AMANPOUR: And is alive today, not only in Amir's heart, but in his household. He's brought me to meet his family.

(UNIDENTIFIED MALE): This is my son and this is Ali.

AMANPOUR: Amir's two little boys are named after his two brothers who were killed in the war with Iraq, dying to defend their country. More than 20 years later, his mother doesn't regret the family's sacrifice. You are a mother and you sent your 13-year-old son to the front. You lost already two sons. How could you have done that?

KOBRA FAJHAR, (Translator): I never wept for my sons when they went to war. In fact, I was happy. I would have been angry if they refused to go.

AMANPOUR: Is religion that important in your life?

FAJAHR (Translator): During the war, one of Imam's disciples was decapitated and his head was thrown at his mother. She flung it back defiantly saying whatever I give to god, I don't want back. That's how important Islam is for us.

AMANPOUR: From the Holy City, a grand Ayatollah tells us that martyrdom for your faith should never be confused with suicide terrorism. The western world, when they think of Muslims, they think of terrorists. So what is your answer to those people who say that they are god's warriors, they are god's soldiers? That they kill in the name of god?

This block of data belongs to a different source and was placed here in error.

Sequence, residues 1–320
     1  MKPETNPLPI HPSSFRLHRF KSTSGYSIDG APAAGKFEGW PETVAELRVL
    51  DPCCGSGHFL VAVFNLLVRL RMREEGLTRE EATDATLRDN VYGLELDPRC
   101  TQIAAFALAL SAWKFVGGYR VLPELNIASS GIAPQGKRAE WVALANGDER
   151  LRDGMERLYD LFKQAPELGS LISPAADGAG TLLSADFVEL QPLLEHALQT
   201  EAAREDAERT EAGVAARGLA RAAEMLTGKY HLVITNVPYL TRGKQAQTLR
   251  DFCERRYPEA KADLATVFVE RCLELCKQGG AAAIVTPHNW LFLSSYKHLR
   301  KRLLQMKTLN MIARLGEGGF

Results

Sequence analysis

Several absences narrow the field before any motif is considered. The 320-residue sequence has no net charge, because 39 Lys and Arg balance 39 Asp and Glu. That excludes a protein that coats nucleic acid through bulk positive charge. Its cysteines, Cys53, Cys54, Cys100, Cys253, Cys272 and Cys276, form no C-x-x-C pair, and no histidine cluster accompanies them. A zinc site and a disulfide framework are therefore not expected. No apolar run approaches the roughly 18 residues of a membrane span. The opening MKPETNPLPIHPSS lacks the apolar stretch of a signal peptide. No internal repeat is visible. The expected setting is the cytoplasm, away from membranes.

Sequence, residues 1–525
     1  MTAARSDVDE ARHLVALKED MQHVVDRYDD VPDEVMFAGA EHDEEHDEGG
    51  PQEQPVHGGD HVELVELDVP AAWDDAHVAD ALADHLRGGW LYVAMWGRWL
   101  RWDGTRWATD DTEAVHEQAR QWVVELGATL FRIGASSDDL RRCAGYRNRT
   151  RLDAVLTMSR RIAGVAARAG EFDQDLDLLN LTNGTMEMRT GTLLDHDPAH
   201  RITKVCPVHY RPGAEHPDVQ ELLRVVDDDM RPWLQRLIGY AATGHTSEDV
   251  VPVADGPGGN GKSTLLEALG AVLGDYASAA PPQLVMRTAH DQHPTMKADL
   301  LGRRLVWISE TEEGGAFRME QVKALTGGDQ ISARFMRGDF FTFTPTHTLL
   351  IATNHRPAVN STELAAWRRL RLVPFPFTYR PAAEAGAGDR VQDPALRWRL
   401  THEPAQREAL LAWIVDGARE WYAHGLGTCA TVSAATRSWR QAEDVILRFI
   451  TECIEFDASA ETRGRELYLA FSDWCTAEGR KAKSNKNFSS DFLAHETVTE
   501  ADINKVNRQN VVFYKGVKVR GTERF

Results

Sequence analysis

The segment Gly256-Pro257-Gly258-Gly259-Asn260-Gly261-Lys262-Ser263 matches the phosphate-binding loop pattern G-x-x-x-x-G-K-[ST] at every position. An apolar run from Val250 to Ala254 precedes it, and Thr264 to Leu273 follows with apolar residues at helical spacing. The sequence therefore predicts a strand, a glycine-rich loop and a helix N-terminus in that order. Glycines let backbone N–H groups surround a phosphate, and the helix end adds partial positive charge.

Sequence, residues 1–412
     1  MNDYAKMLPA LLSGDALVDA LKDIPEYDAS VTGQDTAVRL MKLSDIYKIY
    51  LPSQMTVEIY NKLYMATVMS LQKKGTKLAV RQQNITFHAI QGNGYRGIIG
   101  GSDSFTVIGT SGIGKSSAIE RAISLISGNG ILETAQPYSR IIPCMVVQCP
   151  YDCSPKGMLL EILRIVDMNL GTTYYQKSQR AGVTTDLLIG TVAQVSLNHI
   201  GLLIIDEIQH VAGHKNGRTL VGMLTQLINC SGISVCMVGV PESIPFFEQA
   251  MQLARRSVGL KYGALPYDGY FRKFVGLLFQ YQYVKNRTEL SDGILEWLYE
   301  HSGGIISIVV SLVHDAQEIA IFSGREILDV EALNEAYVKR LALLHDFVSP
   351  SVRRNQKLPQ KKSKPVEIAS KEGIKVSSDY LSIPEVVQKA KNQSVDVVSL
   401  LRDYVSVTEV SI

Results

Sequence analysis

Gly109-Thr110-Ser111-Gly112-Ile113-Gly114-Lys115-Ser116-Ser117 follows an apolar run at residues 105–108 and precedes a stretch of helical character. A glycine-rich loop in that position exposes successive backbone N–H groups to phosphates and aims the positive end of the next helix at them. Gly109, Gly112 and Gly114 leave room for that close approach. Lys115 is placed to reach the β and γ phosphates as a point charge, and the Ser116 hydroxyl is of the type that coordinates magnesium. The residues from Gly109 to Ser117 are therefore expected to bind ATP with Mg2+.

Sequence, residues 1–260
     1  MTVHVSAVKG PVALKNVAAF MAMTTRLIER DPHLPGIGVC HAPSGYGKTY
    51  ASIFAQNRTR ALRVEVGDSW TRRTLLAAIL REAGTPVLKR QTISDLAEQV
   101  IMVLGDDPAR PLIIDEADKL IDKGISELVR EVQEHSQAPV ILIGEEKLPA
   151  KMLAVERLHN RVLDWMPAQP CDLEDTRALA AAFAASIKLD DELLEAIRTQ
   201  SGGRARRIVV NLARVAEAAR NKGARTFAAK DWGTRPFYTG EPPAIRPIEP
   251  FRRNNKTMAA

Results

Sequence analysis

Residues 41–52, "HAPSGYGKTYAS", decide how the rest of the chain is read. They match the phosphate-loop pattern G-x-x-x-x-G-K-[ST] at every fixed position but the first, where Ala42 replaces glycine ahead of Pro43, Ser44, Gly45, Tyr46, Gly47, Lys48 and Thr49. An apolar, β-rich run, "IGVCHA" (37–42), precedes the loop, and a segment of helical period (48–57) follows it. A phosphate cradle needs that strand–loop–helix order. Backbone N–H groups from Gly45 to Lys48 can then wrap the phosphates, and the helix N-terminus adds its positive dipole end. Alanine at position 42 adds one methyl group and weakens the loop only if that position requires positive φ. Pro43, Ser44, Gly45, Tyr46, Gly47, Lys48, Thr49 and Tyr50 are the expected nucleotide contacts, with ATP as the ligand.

GRAND AYATOLLAH SAANEI (Translator): I've always said that terrorists should go to hell and that is our belief, but if the enemy attacks us, we have the right to defend ourselves in any possible way.

AMANPOUR: Which is what Abdohadr (ph) did. Like his friend Amir, he was also a team defending his country.

Do you really wish that you could have been martyrs?

(UNIDENTIFIED MALE): Yes. Martyrdom was my biggest wish, but for me it just wasn't meant to be.

AMANPOUR: Everybody understands if your country is attacked, you'll defend it. I think what many people don't understand is this love of martyrdom that exists in Islam. Why is it so important to die?